“The deep wisdom and loving compassion I have experienced here
have been an inspiration, a comfort and a guiding light.”

Swamis and the Swami Orders

The members of the Sivananda Yoga Centre who wear orange clothes are ‘swamis’. Traditionally, we address them as ‘Swami’ or, with affectionate respect ‘Swamiji’.

The word ‘swami’ means ‘one with the self’ and often refers to a sannyassin (renunciate) of the ten-branched order of monks and nuns founded by Sri Shankara circa 400AD.

Disciples of Shankaracharya established four maths (monastic institutions) at, respectively: Joshi in the north; Sringeri in the south; Puri in the east: and Dvaraka in the west of lndia. Each math under a pontiff with the title Jagatguru Shankaracharya. The Shankaracharyas’ duties are to teach from their comprehensive knowledge of the scriptures and provide counselling if or when consulted by Dasanama (Ten-name) Swamis connected to their maths, Each swami has access to the same math and has the same agnomen as the swami who initiated him/her into the order. These names set out below their respective maths are:

Visiting swamis to the Sivananda School of Yoga, 2017

Joshi (North)

Sringeri (South)

Bharati Puri (East)

Aranya Dvaraka (West)











Only a Dasanama Swami can initiate into the Dasanama Order: a Saraswati can make only Saraswatis: a Giri only Giris; etcetera.

Gurudev Sri Swami Sivanandaji Maharaj was initiated by a Saraswati, so swamis initiated by Gurudev’s initiates are all Saraswatis.

The preparation for sannyas includes essential education in Sanatana Dharma (Hinduism), instructions re conduct and duties, disciplinary training, and a careful assessment of the candidate’s suitability. At the outset, the candidate must be widowed, or unmarried and single. Being a monk or nun, a sannyassin cannot ever be married.

In many of the institutions run by sannyassins, formally initiated monastic brahmachari(ni)s wear the yellow robe, in the Divine Life Society they have the agnometi ‘Chaitanva’.

There are two main kinds of swami, whether Dasanama or of another Hindu order:
Jnana Sannyassins – elderly or widowed Vanaprastas, not of the ten-branched order, who renounce during a public Viraja Homa (Fire Sacrifice)

Dasanama Sannyassins – single persons who are initiated by their senior swamis. with or without Viraja Homa.

The title ‘Paramhansa’ does not refer to an order or rank within an order but is a subjective recognition of attainment by admirers.

The initiator of a swami must receive the initiate into the order while physically present in person at the ceremony, or in writing or other visual evidence for public announcement and scrutiny.

At initiation the swami is instructed in certain mantras which must henceforth be recited daily in addition to the usual vedic prayers in Sanskrit. From this religious, occult and mystical rite, there emerges a being who is no longer of this world.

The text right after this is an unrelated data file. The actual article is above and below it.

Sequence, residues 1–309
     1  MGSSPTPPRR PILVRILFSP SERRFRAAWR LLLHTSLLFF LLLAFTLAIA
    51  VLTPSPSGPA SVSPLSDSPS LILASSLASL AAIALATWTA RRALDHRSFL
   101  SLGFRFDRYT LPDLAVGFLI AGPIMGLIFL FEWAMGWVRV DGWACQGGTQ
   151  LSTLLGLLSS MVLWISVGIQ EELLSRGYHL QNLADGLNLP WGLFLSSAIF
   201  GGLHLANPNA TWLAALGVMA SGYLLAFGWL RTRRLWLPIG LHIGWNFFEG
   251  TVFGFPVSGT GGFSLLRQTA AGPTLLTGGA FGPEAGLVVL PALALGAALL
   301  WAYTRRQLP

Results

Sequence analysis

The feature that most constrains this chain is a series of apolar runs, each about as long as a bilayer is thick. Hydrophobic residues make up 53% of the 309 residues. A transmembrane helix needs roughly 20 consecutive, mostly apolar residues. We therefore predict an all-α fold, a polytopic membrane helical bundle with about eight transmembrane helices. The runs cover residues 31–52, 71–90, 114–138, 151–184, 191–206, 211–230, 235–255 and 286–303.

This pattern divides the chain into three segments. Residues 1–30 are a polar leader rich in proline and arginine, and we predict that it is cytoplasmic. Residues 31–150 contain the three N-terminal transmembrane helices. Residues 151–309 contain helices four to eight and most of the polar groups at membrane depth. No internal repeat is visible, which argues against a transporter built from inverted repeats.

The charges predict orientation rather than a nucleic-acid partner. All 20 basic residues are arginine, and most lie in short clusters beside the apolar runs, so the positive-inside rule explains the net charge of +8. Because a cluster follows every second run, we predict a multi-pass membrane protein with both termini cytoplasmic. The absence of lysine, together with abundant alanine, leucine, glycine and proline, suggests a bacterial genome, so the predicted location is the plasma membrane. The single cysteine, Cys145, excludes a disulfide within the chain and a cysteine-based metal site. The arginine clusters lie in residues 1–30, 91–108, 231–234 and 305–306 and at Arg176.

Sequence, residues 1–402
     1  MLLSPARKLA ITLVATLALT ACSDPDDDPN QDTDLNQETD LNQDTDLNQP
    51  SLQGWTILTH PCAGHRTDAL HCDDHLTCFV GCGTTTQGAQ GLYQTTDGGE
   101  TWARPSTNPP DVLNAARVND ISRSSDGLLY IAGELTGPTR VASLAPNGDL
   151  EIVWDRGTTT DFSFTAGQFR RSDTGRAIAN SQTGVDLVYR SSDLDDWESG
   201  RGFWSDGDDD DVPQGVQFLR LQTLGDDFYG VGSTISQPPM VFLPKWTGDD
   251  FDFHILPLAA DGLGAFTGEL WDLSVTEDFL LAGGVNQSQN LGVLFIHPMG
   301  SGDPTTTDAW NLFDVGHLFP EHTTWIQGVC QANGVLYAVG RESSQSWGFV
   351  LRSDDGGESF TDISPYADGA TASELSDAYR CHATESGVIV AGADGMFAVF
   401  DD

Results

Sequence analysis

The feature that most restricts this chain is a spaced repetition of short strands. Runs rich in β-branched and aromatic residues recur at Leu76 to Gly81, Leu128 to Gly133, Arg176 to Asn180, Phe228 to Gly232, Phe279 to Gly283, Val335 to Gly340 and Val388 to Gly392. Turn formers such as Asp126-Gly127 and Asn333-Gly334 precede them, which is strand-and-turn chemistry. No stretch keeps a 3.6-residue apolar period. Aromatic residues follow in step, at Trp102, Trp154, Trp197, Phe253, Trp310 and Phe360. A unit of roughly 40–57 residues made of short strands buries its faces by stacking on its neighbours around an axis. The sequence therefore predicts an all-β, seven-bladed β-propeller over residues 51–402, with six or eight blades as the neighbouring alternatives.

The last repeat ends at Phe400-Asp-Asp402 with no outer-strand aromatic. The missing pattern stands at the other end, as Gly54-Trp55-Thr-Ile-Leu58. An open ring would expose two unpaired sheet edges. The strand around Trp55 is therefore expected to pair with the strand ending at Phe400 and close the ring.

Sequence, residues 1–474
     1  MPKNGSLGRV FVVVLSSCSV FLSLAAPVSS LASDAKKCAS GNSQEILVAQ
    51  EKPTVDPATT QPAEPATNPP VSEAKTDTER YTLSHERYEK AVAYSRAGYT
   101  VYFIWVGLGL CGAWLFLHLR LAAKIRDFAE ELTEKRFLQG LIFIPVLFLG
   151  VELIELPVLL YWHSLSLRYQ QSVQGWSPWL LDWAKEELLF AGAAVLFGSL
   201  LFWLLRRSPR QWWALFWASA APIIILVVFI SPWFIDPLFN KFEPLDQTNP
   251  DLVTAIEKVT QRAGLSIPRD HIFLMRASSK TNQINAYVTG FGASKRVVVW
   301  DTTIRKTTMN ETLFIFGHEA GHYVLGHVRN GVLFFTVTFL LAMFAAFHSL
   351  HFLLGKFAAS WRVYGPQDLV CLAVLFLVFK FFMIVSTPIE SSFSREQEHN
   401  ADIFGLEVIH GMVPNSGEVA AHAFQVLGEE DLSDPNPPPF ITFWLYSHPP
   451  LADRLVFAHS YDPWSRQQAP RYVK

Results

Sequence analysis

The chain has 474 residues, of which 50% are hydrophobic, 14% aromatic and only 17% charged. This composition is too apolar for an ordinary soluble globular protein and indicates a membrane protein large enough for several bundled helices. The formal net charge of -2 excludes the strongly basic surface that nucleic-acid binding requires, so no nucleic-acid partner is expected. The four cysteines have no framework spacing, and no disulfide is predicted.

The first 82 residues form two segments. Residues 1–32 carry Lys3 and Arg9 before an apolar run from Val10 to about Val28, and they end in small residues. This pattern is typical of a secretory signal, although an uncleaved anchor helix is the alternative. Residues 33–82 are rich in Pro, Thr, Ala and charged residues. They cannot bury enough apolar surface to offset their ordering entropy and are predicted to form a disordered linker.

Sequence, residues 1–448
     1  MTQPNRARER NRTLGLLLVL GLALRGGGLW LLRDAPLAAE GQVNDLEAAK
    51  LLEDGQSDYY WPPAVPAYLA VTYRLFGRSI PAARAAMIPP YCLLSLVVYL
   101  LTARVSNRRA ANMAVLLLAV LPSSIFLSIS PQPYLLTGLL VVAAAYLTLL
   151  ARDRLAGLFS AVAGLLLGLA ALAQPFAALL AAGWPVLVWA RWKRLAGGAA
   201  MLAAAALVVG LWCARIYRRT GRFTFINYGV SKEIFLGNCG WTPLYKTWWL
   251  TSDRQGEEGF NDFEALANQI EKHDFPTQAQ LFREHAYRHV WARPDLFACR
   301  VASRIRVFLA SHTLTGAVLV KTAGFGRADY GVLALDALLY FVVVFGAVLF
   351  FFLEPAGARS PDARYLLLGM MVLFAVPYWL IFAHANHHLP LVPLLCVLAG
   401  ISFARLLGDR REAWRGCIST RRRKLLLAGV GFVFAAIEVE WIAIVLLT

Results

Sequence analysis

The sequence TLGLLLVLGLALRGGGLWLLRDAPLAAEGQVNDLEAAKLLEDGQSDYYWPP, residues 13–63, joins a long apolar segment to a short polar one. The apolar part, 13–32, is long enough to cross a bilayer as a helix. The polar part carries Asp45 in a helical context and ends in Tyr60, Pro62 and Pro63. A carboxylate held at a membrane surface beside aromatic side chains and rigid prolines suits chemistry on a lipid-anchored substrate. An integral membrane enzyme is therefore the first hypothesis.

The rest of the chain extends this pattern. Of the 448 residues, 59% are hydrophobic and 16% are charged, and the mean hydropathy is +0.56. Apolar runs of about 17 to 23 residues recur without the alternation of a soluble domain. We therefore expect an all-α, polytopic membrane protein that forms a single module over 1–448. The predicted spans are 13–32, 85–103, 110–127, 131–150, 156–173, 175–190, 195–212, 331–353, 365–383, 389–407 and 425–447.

The swami wears gerua (orange cloth) to represent the embers of a cremation fire. What has come forth from the fire is a being whose blessings and prayers are regarded as especially effective because they are presumed to express God’s will. In the absence of murtis (images; icons) the swami’s body may be used for puja (ritual worship) and arathi (light waving ceremony). His personal effects are protective talismans and whatever food is proffered to him/her becomes prasad (sanctified nourishment).

The swami’s name. often with the suffix ‘ananda’ (bliss of) is at appellation of deity or some spiritual quality, state, experience or practice.

The swami’s inner duties are ahimsa (harmlessness) and meditation. His outer seva (service) is mainly teaching, spiritual guidance, intercessionary prayer, satsang, and the offering of whatever spiritual gifts manifest themselves through his/her person. He should avoid referring to his pre-monastic state but, whilst free from attachment himself he should be a counsellor and comfort to others in their mental-emotional disturbances and bereavements.

When a swami dies, funeral rites are unnecessary – the body was symbolically cremated at sannyas diksha (initiation) and (ideally) the swami has not identified with a physical form. Therefore, the body is simply committed to the Ganges or summarily buried or, for convenience, cremated without ceremony and the ashes scattered without trace.

Other orders of sannyassins include:
Udasis – a Sikh order founded by Srichand, son of Guru Nanak.

Yatis – a Jain order with two groups: Svetambaras who wear white, and Digambaras who are nude.

Kabir Panthis – who follow the teachings of Kabir, in twelve groups.

Nagas – nomadic worshippers of Lord Siva who are nude.

Dadu Panthis – descended from Dadu, disciple of a Kabir Panthi: Vishnu worshippers who also use Kabir’s writings.

RamaSanehis – founded by Ramcharan in l718 in Rajputana, in two groups:
Mohinis who wear red, and Videhis who are nude.

Kovilur Math – a saivite Tamil order.

Dharmapuram Adhinam – a saivite Tamil order.

Kanphatas – saivite devotees of the legendary yogi Goraknath.

Parinamis – founded by Sri Parinnath in 1675 at Jamnagarh near Rajkot; they study his teachings and worship Balakrishna.

Nimbarka Sampradaya, and Ramanuja Sampradaya – Vishnu worshippers who wear gems like Dasanama swamis

Rarely encountered smaller groups, offshoots of the orders mentioned above, tiny groups engaged in various forms of ritual, and Hindu devotees of Jesus Christ and/or Mary Mataji.

Monks and nuns of Buddhist and Lamaist orders.

The above information was taken mainly from the book “All about Hinduism” by Gurudev Sri Swami Sivanandaji Maharaj founder of the Divine Life Society and the Sivananda Yoga Centre

N.B: Please note that the term “Swami” has sometimes been applied rather loosely in the west. The only swamis are those whose initiations, disciplines and lifestyles conform to the patterns and descriptions given above. Once initiated, there is no return to pre-monastic life.